Crocosmia hardiness? Zone?

linnea56(z5 IL)March 27, 2009

I will be planting a new garden with "hot" colored flowers this year. I picked up some Crocosmia but have heard conflicting answers on Zone appropriateness. Variety name is not listed, so do I assume they must be Lucifer? ThatÂs the most common one, right? Picture is red. I have never grown these. Site will be the south side of the house so it may be warmer than my normal zone 5.

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Don't know how hardy they'll be in your neck of the woods, but if you have problems with them not coming back next year, give me a shout and I'll send you some corms. They multiply something fierce down here.


    Bookmark   March 27, 2009 at 11:13PM
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linnea56(z5 IL)

Thanks for the offer, Brenda.IÂll see first if I can grow them here with the ones I bought.

I checked on DaveÂs garden and the facts for Lucifer (if thatÂs what IÂve got) say zone 6 a. IÂm zone 5 but donÂt know if IÂm a or b. IÂve looked at maps and canÂt tell. (too bad you canÂt see that on Google Earth). I do hope they are hardy, as digging stuff up in fall never seems to happen. ItÂs bad enough I buy dahlias every year.

About planting: When I look at pictures I see them always in stands of many stalks. Does that mean they will look their best all planted together? Have more impact that way?

Yet DaveÂs Garden says to plant them 15-18 apart. Surely they are talking about a clump, not individual corms?

    Bookmark   March 28, 2009 at 3:07PM
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no worries about the zone.i live just north of montreal and they come back every year..although i only had a few flowers last year,they did return..and i clumped them together for more show...

    Bookmark   March 29, 2009 at 10:04AM
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I bought 'fire king' last yr from parks. It is too early to say if it survived or not.
They claim it's hardy to 5.

I got some from a Seattle garden that died rather than bloom after winter so some kinds of orange( unknown kind) aren't hardy.

I have also tried them bare bubl in the basement but they died that way too.

Hope to see some nice lily pics from your gardens this year!

    Bookmark   March 30, 2009 at 7:52PM
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linnea56(z5 IL)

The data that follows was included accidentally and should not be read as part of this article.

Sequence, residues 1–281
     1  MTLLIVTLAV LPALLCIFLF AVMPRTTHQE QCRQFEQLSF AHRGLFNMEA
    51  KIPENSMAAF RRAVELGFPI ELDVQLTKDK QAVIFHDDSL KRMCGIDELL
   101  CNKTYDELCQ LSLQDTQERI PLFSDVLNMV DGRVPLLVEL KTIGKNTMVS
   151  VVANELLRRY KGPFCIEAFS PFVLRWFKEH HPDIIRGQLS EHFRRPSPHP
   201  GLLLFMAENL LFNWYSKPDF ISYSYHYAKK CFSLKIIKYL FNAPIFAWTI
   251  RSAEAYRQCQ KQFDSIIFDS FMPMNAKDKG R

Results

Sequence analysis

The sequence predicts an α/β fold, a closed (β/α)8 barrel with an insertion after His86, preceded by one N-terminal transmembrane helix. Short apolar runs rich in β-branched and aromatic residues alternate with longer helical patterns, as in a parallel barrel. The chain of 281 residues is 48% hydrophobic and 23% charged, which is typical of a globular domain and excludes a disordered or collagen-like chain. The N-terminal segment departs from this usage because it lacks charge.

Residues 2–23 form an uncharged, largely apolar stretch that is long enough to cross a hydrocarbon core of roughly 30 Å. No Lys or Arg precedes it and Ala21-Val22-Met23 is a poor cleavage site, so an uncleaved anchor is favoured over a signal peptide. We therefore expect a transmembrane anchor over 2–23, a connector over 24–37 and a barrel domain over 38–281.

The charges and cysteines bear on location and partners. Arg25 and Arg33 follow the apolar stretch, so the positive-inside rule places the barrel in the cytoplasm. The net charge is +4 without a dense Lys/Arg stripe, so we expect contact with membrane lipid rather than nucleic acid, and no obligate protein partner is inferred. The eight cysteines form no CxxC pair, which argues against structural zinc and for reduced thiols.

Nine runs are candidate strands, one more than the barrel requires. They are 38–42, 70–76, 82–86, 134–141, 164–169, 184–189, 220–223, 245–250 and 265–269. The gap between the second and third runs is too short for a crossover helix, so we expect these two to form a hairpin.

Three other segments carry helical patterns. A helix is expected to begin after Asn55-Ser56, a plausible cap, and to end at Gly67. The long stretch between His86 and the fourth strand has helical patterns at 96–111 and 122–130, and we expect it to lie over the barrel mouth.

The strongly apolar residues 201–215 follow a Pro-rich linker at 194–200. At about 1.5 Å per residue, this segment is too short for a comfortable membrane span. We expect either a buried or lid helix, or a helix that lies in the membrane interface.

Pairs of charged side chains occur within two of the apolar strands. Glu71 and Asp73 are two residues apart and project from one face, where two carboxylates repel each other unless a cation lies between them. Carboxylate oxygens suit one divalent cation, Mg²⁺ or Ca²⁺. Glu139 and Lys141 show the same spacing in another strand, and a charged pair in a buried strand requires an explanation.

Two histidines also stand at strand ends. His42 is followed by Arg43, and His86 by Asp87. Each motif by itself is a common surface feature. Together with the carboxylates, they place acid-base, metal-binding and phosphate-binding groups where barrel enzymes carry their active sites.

Thanks! I remember your lilies too, cheerpeople! I planted some nice ones last fall so I am really looking forward to a great summer. And now I know how to post a picture right into a thread, too!

    Bookmark   March 30, 2009 at 10:34PM
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If you're not sure about hardiness, you could always lift them in fall and store them over winter... or, you could plant them in a large, decorative patio pot and place the pot in the garden. Simply bring the pot in when it gets cold, and store it in the basement or frost-free garage.

You can literally cram the pot full of corms, shoulder to shoulder, and make it the focal point of a garden area.

I do this with a few different tender bulbs and corms. The pots make nice additions to the summer garden, and they bring the potted flowers into play as great colorful focal points.

    Bookmark   April 1, 2009 at 9:24AM
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linnea56(z5 IL)

Lifting in fall is not going to happen. Even when IÂve done it (with dahlias, glads) they never made it over the winter. Also, thereÂs too much other gardening work to do then. They were not too $$ (though I donÂt know really what is a good price) so I will plant them out and cross my fingers. And potted things I need to cut back on, the watering is taking too much time.

But I WAS wondering if there is a hardier strain I should be looking for.

Can anyone address the issue of planting the corms as cluster or spread out?

    Bookmark   April 1, 2009 at 12:39PM
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I lived in Kansas City, zone 5b, and had to grow them in big tubs (from Walmart) - otherwise, they freeze, never to return. They will not come back in your zone.

    Bookmark   April 1, 2009 at 9:42PM
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It mainly depends on the type of soil you have as to wether they survive the winter..... if they are really wet and then freeze they WILL rot. If the soil is well drained and you mulch them for the winter they usually survive. Mine have survived 15F winters with no problems.
Check out my website.

Here is a link that might be useful: My Website

    Bookmark   June 26, 2013 at 4:20AM
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ontnative(5b Can/USDA 4)

'Lucifer' is generally recognized as being the hardiest at present, and is usually the one seen for sale in my area. I have tried several other varieties, and while they may survive 1-3 years, they have all died eventually. The only one that didn't is 'Lucifer'.

    Bookmark   June 27, 2013 at 9:02AM
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